1. Trusting your team:
In order to let go of what you have always done, you must risk the possibility of trusting the wrong people. John might appear sincere, but is really out to profit from your network of contacts or your level of experience and openness. Jane might begin her relationship with you as genuine, and then learn to do what you do on her own shortly afterwards. Trusting your team involves taking a "calculated" risk. Always ask yourself what you would like to gain from others and how your relationships can be a win-win scenario. Assess their personality types. Look for proper values before making any decisions. Take your time.
2. Adapting to their individual work styles:
While you have always done things "your way", this rule may or may not apply to others. Stepping over others because it is difficult to "let go" is frustrating for team members because they feel short-changed in their abilities. It also makes you appear like a control-freak who doesn't trust anyone else to do the job. Perhaps no one will do the job as good as you, but training is part of the process. Again, risk is involved.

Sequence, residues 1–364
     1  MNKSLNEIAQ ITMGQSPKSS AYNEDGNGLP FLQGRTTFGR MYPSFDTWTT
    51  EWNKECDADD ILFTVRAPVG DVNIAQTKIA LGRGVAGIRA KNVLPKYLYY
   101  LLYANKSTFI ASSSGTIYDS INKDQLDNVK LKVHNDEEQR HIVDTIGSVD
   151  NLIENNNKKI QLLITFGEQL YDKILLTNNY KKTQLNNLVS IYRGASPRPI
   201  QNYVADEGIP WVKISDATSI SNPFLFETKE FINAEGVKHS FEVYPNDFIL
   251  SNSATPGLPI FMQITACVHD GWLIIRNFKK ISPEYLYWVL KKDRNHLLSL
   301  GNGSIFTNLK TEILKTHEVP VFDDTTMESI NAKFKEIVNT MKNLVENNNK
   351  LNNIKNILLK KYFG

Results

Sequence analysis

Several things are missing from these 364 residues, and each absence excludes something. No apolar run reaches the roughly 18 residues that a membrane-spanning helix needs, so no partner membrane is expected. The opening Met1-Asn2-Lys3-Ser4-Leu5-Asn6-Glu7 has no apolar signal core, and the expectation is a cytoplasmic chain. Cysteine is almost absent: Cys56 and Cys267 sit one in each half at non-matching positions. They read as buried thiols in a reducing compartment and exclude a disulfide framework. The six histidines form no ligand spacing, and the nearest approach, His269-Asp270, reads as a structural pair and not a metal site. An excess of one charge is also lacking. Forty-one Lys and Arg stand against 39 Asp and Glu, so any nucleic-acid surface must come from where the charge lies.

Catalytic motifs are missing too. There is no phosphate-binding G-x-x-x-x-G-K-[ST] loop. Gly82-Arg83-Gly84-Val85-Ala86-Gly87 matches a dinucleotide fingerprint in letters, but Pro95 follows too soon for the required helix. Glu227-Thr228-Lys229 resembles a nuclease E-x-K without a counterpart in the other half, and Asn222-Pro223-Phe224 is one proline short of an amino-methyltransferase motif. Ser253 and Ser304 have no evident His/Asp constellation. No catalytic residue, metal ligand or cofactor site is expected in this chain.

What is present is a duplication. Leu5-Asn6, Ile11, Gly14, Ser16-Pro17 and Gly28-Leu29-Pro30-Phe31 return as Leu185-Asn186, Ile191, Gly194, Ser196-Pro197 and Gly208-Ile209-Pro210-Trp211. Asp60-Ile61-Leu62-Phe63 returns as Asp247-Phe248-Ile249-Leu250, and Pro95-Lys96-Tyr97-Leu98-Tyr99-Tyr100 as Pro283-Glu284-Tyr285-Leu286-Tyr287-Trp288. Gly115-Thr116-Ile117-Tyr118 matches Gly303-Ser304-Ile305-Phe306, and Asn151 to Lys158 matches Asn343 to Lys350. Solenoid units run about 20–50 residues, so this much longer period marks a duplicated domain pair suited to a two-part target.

3. Providing positive reinforcement:
Everyone needs to feel important and like they are doing a good job. Motivation comes from ongoing praise. Lack of motivation results from little positive feedback or too many negative comments. Focus on what others do "right." Take the time to say "thank you", or "what a great job." Take your staff out to lunch once in a while. Show them that you appreciate their efforts, and encourage them to share.
Nicole Attias & Associates, Office: Canada 416-221-0817, Fax: 416-733-2491
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